The Becoming a Man program has been working well during its short tenure here. Now it’s starting in its second city, Boston. Politico profiles the approach.
By adding an apartment (or seeming to), commercial establishments in Wrigleyville get classified as residential property—and save big money. The Sun-Times investigates.
In 1978, it was in the “ass end of the Loop.” As the area has grown, the bar has resisted offers to sell, and business keeps growing. Chicago magazine pays a visit.
What happens to the survivors after a murder in Chicago? WBEZ asks them.
Three hundred feet into Lake Michigan (and completely covered by it) is a 30,000-square-foot property, privately owned. But how did it get there? DNAinfo dredges up the story.
Photographer David Schalliol has been documenting it for a decade. The Reader presents his images and written reflections.
It was supposed to be “one tough vote” to clear the way for re-election. Now the Cook County Board President, and the commissioners who made the vote, are mired in it. The Tribune analyzes the mess.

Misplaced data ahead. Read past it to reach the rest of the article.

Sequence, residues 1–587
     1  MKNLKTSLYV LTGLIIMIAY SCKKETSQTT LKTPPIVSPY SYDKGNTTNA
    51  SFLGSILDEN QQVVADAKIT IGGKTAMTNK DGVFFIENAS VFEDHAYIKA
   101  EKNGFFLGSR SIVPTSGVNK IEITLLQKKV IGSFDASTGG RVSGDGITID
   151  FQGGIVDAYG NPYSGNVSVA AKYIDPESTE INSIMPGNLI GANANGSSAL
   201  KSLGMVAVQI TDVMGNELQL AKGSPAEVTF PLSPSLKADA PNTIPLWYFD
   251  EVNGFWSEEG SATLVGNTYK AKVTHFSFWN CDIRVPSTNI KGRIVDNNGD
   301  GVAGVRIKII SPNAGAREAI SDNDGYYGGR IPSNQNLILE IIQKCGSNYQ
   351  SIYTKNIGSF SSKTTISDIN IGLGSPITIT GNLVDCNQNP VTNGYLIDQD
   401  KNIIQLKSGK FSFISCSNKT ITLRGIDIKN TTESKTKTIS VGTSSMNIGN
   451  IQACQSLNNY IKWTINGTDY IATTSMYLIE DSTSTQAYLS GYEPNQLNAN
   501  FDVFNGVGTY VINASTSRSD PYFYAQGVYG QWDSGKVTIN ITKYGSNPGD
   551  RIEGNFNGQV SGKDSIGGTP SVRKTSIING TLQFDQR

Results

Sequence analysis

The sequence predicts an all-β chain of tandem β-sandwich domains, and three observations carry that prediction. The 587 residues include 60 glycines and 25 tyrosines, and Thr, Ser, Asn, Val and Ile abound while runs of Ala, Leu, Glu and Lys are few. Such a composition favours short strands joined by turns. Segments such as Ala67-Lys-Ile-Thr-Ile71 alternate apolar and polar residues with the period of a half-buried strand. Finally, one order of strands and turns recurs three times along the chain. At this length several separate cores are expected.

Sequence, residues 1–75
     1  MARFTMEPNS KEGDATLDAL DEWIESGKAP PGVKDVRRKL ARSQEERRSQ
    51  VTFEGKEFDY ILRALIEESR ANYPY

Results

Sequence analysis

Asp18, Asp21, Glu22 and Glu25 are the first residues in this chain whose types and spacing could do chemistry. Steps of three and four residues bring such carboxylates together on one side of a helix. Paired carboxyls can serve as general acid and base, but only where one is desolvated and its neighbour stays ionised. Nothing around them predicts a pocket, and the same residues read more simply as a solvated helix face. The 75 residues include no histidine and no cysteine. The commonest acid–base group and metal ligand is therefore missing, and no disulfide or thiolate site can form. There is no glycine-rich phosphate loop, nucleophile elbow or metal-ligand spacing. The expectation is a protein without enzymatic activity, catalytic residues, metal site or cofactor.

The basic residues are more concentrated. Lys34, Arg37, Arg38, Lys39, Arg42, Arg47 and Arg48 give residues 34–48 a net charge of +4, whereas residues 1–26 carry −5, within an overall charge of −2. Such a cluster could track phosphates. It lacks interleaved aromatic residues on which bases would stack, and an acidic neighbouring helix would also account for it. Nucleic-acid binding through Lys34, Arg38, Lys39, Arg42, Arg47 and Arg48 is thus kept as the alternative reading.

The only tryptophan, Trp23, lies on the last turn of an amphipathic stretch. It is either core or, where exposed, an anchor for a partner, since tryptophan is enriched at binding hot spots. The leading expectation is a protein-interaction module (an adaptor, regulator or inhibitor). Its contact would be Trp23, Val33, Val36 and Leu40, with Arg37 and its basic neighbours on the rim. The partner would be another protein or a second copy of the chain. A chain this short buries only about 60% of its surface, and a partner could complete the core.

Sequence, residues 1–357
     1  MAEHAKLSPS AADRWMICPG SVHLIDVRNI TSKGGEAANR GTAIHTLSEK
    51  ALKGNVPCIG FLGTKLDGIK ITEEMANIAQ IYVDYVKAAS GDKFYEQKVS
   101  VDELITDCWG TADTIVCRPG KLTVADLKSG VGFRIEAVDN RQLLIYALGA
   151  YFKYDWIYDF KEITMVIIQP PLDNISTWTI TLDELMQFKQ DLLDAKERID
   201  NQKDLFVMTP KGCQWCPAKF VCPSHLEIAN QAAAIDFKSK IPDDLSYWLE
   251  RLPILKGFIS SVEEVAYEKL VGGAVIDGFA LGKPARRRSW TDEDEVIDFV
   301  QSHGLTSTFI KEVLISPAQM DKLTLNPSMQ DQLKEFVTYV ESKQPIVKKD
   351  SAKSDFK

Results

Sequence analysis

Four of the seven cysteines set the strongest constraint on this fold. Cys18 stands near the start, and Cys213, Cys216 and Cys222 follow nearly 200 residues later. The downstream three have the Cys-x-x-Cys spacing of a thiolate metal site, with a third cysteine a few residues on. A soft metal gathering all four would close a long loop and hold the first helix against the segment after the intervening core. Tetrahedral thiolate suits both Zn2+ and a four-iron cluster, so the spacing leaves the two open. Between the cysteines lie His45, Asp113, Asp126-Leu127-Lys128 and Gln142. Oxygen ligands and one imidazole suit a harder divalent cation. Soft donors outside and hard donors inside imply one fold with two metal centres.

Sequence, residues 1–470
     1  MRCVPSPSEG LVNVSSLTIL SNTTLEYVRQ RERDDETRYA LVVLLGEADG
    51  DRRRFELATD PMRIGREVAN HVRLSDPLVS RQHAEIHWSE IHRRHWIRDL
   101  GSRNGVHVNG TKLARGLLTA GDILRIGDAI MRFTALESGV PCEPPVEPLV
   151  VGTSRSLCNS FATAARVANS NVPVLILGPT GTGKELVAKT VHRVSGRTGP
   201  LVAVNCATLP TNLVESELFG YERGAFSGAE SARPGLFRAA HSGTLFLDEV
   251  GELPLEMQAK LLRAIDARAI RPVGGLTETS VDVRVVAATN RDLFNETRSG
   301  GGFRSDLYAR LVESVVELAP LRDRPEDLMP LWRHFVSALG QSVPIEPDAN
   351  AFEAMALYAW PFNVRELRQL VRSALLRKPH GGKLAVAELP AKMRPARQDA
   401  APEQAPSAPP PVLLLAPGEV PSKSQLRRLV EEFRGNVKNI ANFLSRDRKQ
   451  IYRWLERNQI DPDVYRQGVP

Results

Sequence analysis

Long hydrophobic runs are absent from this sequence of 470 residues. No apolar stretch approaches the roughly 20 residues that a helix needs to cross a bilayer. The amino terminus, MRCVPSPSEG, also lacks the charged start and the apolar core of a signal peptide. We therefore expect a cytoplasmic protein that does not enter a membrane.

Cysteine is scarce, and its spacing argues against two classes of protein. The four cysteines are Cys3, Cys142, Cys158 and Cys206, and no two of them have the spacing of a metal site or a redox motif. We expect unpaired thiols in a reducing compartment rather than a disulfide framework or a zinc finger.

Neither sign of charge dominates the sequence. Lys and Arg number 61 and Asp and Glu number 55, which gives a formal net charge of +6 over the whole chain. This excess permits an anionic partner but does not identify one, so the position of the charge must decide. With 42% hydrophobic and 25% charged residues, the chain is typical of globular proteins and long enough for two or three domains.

Illinois residents want services, but don’t want to pay for them. And that’s exactly what we’ve gotten. Peoria Public Radio explains.
The Marriott on Michigan Avenue gets about half its vegetables during the summer from one farm in Kane County. They get good food as a result, but it takes creativity to use it. Fooditor shows how it works.
Jeanne Gang’s 94-story skyscraper has gotten a lot of attention for its design and architect, but how does the Chinese developer figure in? Chicago magazine explores the question.
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